How Do You Measure Agile Maturity?

How Do You Measure Agile Maturity? During my interactions with top client leaders whether it is along user story workshops, projects retrospective or simply customer development conversation, I used to always come across one question in common. "We have invested a lots of money and resources to make our company purely Agile. It has been couple of months/years that we have been allocating budgets every year for this agility initiative. We have n

During my interactions with top client leaders whether it is along user story workshops, projects retrospective or simply customer development conversation, I used to always come across one question in common. “We have invested a lots of money and resources to make our company purely Agile. It has been couple of months/years that we have been allocating budgets every year for this agility initiative. We have no idea on how many more years it would take us to become Agile.”

Well! I think that is a valid concern. If I’m a CIO of a company, I wouldn’t put my money, where I have no idea of the progress being made. 

First of all, let me counter the basic assumption of a company being purely Agile. I would certainly treat Agile as an enabler of accomplishing business goals, not just Agile being the end goal by itself. A company with a vision of being purely Agile sometimes may not withstand the costs of upgrading forever. For example, in many organisations it might have started with Scrum and jumped into other frameworks like extreme programming (XP) and later a mix of both (like we do at New Bamboo) or they might look at SAFe and other emerging models.

A company which had been working in Agile way over the past several months, really wanted to understand the realised business benefits from this transformation. However, people with full visibility like an Enterprise Agile coach, very often find that Agile adoption is “unevenly spread” in various parts of the organisation. This lead to the concept of having in an Agile transformation, multiple coach at different point in time in the transformation. I will blog soon about Agile coaching.

The successful approach to adopting Agile acknowledges Agile is not just fad or a quick fix

Second, “how do I know my business goals and track them by deploying Agile?”

In fact, that is very easy and straight forward. Few examples of business goals are; Increase in time to market for product releases, gaining competitive advantage, promote innovation in product development, respond faster to changing business and customer needs and being highly quality conscious. All this is very fact base and very rational, so every business should track these key performance indicators.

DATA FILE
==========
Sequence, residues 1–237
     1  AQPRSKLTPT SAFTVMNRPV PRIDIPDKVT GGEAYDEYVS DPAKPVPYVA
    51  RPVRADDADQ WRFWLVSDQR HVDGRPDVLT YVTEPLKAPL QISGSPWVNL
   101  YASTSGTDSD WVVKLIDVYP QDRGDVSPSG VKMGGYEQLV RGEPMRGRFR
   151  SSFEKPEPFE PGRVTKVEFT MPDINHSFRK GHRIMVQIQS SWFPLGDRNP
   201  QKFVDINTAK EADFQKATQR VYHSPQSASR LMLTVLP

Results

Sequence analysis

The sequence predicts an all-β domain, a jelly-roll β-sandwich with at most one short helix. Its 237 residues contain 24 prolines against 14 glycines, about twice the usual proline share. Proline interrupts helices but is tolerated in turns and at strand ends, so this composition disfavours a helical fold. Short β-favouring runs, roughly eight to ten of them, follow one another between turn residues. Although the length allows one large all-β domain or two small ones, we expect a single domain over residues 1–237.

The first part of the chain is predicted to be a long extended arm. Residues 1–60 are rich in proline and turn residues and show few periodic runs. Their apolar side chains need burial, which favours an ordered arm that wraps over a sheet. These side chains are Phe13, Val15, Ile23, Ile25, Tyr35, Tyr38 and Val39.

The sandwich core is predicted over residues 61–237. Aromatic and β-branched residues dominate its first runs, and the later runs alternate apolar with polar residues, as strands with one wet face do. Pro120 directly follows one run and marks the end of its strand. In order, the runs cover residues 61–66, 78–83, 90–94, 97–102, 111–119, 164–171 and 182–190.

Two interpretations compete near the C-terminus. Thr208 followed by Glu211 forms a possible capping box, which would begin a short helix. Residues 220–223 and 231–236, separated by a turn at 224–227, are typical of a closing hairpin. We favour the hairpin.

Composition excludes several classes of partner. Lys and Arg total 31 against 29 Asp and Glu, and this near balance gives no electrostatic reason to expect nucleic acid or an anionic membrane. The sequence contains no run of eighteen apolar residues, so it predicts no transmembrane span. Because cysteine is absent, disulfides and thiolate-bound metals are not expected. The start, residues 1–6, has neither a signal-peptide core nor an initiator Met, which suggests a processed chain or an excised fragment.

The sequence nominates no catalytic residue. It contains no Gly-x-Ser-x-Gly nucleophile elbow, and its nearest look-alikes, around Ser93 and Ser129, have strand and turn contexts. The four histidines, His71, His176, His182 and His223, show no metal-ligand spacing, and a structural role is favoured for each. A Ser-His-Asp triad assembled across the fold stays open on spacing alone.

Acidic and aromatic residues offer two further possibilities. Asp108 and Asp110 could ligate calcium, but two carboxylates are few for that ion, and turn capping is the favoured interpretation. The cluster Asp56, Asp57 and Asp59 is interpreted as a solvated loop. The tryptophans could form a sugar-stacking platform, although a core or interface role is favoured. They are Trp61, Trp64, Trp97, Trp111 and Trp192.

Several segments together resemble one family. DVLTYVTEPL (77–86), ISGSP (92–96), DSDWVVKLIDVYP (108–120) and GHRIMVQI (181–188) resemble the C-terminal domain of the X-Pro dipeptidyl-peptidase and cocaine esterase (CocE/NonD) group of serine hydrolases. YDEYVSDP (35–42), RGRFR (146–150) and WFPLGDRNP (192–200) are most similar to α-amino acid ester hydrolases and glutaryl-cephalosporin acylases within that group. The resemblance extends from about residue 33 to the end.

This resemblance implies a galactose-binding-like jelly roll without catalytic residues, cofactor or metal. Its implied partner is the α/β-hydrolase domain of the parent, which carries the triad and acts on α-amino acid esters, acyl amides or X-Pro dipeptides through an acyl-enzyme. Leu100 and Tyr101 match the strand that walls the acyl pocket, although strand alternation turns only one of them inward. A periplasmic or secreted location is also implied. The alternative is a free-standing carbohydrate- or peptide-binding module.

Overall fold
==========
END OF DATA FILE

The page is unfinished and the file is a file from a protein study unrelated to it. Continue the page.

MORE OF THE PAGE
So I believe every organisation needs a continuous improvement framework to track the progress of their business goals after deployment of one of the agile frameworks.

I would like to propose here couple of frameworks to measure continuous improvement, one at team level and the other one at enterprise level.

At team level, I like comparative Agility, a free tool (http://www.comparativeagility.com/) . This is the pet framework of Mike Cohn, one of the contributors to the invention of the Scrum software development methodology. The tagline is very catchy “Are you Agile enough. “ I like this one because it will make senior management to understand and remove the bottle necks and help teams improve over a period of time. It also compares a team’s progress within a company to themselves and external agile practitioners.

At an enterprise level, I like Enterprise Balanced Score Card of Dean Leffingwell. He reused the same concepts for building enterprise metrics during transition to SAFe model (Read my blog about Scaling Agile Frameworks). You can find glimpse of those metrics on Dean’s website. This webpage just contain an overview of the metrics, however for detailed implementation of these metrics you have to read his book, “Scaling Software Agility.” This is the best book I recommend to understand the challenges of Scaling agile in a larger organisation.

It’s clear, there is not a one-size-fits-all way to define Agile success. Every organisation is different, every Agile team is different, and every software development project is different. Each organisation has to figure out how to pilot, extend and excel at Agile. Distinctively measure Agile performance within an organisation is paramount from my perspective, a team can find it’s own ways and make the most effective use of team members to meet their commitments. In true empowerment style, ensuring everyone’s full involvement in this rather critical exercise.

The successful approach to adopting Agile acknowledges Agile is not just fad or a quick fix, it is part of an ongoing dialogue of what’s working, what’s not and what are we going to change.